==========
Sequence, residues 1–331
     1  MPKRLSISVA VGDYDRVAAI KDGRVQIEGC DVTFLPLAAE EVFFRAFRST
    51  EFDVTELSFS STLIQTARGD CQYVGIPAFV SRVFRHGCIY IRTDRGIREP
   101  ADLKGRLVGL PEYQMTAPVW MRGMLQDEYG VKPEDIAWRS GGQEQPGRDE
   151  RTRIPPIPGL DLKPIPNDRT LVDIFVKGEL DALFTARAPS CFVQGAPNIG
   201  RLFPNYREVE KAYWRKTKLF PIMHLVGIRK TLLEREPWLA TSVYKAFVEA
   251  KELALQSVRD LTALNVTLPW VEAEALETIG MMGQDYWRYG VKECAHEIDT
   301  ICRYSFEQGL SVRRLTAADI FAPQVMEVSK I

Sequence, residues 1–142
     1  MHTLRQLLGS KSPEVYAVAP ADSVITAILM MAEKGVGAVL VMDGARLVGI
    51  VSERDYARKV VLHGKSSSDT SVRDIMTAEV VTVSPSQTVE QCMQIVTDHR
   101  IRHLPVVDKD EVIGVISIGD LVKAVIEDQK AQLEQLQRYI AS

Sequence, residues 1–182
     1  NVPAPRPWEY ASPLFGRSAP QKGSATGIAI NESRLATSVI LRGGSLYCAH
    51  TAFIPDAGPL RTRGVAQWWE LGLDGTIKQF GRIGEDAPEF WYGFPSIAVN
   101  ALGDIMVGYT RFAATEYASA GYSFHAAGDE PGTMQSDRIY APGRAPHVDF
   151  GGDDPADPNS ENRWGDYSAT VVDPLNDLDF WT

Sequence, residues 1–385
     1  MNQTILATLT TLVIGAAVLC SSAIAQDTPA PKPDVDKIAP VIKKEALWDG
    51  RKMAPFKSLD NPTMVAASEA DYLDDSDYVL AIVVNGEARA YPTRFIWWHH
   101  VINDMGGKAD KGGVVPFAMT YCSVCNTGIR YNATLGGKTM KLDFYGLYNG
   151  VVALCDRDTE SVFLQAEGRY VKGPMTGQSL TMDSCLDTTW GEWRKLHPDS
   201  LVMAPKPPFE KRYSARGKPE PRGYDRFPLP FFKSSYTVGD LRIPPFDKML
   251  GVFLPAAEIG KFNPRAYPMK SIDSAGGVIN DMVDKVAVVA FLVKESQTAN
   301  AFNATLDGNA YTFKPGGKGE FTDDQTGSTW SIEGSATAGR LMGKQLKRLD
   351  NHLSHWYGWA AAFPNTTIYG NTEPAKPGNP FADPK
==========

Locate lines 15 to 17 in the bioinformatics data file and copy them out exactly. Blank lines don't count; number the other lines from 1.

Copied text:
    51  TAFIPDAGPL RTRGVAQWWE LGLDGTIKQF GRIGEDAPEF WYGFPSIAVN
   101  ALGDIMVGYT RFAATEYASA GYSFHAAGDE PGTMQSDRIY APGRAPHVDF
   151  GGDDPADPNS ENRWGDYSAT VVDPLNDLDF WT